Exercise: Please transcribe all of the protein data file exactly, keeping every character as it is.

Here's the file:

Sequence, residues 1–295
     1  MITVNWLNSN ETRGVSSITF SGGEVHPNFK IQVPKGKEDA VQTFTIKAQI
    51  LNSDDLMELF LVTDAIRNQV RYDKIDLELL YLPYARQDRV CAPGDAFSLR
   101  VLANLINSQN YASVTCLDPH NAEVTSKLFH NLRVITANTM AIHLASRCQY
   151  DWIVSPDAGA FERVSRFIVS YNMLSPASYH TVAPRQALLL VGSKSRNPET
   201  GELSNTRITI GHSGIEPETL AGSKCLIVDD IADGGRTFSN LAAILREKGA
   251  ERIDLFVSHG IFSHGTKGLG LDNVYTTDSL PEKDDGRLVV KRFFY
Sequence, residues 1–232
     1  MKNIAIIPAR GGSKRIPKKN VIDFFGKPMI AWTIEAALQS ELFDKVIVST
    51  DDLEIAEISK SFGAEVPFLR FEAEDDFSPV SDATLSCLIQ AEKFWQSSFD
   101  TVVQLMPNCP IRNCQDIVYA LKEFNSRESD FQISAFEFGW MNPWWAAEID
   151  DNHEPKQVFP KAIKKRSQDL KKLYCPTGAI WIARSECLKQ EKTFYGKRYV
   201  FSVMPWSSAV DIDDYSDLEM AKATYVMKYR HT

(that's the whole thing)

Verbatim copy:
Sequence, residues 1–295
     1  MITVNWLNSN ETRGVSSITF SGGEVHPNFK IQVPKGKEDA VQTFTIKAQI
    51  LNSDDLMELF LVTDAIRNQV RYDKIDLELL YLPYARQDRV CAPGDAFSLR
   101  VLANLINSQN YASVTCLDPH NAEVTSKLFH NLRVITANTM AIHLASRCQY
   151  DWIVSPDAGA FERVSRFIVS YNMLSPASYH TVAPRQALLL VGSKSRNPET
   201  GELSNTRITI GHSGIEPETL AGSKCLIVDD IADGGRTFSN LAAILREKGA
   251  ERIDLFVSHG IFSHGTKGLG LDNVYTTDSL PEKDDGRLVV KRFFY
Sequence, residues 1–232
     1  MKNIAIIPAR GGSKRIPKKN VIDFFGKPMI AWTIEAALQS ELFDKVIVST
    51  DDLEIAEISK SFGAEVPFLR FEAEDDFSPV SDATLSCLIQ AEKFWQSSFD
   101  TVVQLMPNCP IRNCQDIVYA LKEFNSRESD FQISAFEFGW MNPWWAAEID
   151  DNHEPKQVFP KAIKKRSQDL KKLYCPTGAI WIARSECLKQ EKTFYGKRYV
   201  FSVMPWSSAV DIDDYSDLEM AKATYVMKYR HT